Tips to help your elderly parent avoid a fall

Caring for the elderly is a fairly full-time responsibility, and it requires a good deal of patience and love to help aging seniors continue living their lives as best they can given their limited mobility.

And while falls are common for the elderly, they can be prevented by following some straight-forward safety tips.

Make your home safe

Make your home as safe as possible for your elderly parent and consider the following ways to reduce the risk of a fall:

  • Good lighting: Make sure that your house is well lit and night-lights are in place.

  • Railing in the bathroom and toilet: Install grab rails in the bathroom and toilet to provide something to hold on to

  • Clean up clutter: Remove any obstructions in the house that might cause a fall

  • Secure rugs and carpets: Make sure that rugs and carpet are not worn through and secure rugs and mats to the floor with adhesive strips or consider removing them if they pose still pose a risk for a slip.

  • Pad sharp corners: If your furniture or table have sharp corners, consider using pads or change your furniture to reduce the risk of fractures

Keep safe outside

Help your elderly parent stay safe from falls when outside with these tips:

  • Use a support when outside: Canes, walking sticks, frames are all useful tools to help stay balanced and help to avoid a fall when walking outside.

  • Good shoes: Make sure that good quality, sensible shoes are worn that are comfortable and have slip-resistant soles.

Stay healthy

Regular exercise, a good diet and your doctor’s advice on how best to manage medical conditions will help reduce the risk of falls.

  • Exercise regularly and eat well: Strong muscles and joints are a great first defence against falls. Regular exercise will help your parent remain strong and assist good balance. A balanced nutritional diet will help your parent remain as healthy as possible.

  • Check eyesight: Regularly check your parent’s eyesight to ensure that they have the right lenses if their eyesight is deteriorating.

  • Talk to your doctor: Talk to your doctor and seek an assessment of your elderly parent’s risk of falling. Your GP will be able to suggest a strategy for fall prevention tailored to your parent. Seek advice from your doctor on whether prescription medicine might increase the risk of falls and whether there may be alternatives that reduce the risk of falling.

Caring for an elderly parent after a fall

If your parent has suffered from a fall, it is important to have them assessed by a Doctor to check for injuries. If it is a serious injury, call an ambulance, but otherwise take them to the GP or have them visited by a Doctor at home. 

Falls are a common cause of broken bones in the elderly. If this happen you will need to help prepare the patient for even more restricted mobility.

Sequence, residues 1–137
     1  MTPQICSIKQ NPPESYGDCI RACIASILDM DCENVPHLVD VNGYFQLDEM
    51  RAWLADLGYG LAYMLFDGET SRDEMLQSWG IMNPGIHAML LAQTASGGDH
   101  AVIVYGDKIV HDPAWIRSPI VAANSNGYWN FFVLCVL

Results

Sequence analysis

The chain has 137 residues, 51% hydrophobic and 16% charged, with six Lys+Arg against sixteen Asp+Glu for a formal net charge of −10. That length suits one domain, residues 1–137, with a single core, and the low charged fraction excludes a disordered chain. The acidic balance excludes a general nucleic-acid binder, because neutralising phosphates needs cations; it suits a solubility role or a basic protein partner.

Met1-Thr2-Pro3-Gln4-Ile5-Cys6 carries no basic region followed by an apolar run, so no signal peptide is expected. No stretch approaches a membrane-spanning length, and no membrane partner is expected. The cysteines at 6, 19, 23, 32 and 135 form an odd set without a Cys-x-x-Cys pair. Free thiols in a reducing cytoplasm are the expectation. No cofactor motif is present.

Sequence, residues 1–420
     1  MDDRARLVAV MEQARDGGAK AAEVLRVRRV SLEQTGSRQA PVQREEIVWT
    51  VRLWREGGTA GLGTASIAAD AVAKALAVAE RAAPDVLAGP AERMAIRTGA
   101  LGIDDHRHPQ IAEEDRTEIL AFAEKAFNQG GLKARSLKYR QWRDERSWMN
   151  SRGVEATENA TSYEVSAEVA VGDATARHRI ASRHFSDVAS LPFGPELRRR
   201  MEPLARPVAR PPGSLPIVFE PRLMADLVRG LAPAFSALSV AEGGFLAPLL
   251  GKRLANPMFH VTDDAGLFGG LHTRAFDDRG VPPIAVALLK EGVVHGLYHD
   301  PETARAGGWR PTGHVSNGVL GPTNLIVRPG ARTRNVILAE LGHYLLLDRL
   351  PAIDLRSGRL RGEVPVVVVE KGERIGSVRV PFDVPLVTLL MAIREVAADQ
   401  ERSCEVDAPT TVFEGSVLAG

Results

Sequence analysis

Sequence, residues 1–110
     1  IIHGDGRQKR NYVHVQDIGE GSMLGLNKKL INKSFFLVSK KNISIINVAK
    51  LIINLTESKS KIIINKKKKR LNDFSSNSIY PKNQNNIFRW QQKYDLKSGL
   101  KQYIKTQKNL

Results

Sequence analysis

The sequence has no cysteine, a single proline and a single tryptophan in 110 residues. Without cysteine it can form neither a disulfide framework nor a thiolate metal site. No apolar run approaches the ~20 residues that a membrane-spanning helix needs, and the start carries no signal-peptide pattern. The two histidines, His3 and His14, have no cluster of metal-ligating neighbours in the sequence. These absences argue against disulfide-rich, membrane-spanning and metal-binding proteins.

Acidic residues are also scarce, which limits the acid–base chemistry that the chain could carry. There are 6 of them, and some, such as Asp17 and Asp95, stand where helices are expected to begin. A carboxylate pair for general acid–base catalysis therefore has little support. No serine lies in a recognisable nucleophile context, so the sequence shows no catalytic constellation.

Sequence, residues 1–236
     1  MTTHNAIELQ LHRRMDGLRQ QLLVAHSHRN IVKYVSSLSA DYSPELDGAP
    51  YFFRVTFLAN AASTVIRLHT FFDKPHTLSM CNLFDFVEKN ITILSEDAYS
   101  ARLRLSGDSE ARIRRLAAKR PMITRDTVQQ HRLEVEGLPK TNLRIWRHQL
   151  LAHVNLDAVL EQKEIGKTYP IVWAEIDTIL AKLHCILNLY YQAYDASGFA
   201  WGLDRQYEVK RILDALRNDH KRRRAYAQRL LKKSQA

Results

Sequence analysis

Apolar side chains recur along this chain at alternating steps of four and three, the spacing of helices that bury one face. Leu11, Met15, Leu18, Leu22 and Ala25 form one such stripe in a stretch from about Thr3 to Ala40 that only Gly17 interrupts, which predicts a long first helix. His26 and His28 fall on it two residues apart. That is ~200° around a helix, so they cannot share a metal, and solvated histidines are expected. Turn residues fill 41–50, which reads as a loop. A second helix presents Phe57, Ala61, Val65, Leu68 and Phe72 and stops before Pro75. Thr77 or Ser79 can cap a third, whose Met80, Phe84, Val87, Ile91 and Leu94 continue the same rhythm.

Broken bones will take longer to heal, and during the healing process the patient will not be able to get up and move around without assistance.

Some even have a hard time moving around in bed, and you will need to help them move or roll over in order to avoid bed sores.

Make sure to find the right beds and chairs to keep the bed sores away, and ensure that they are eating properly, doing what exercise they can, and using the bathroom.

If you are concerned about your elderly parent after they have had a fall, and your GP is closed for the night or the weekend, you can call 13SICK (13 7425) and book an after hours home doctor. Our doctors work collaboratively with our elderly patients’ GPs and other health care workers to ensure continuity of care with medications, treatment and follow up. 

The road to rehab

Rehab will be painful and demanding on the elderly parent, and it will take all of your positivity to help them stay cheerful with the work they will be forced to do.

Joint injuries can take much longer to heal than simple broken bones, so prepare your parent for months spent doing rehab every few days.

One important thing to remember is that your parent needs to know the injury wasn’t their fault.

Some injuries are pathological, meaning they occurred without any fall or trauma the result of old bones.

They will always suffer the guilt of “what if I had avoided it?” so you need to remind them that it’s not their fault.Most importantly, find ways to entertain the parent now that they are relegated to their bed.

The last thing they want to do is spend hours staring at the walls and ceiling, so install a TV in their room, bring them a stack of books, and make sure they have plenty of things to keep them entertained and occupied.

Look after yourself too

You, as the caregiver, need to be able to spend time away from your elderly parent.

Now that their mobility is limited, the demands placed on you will be much greater.

You need to be able to sleep, exercise, eat properly, and relax.

Your parent needs to know that they aren’t a burden on you, but you cannot dedicate all of your time to helping them.

Make sure to take time out for yourself.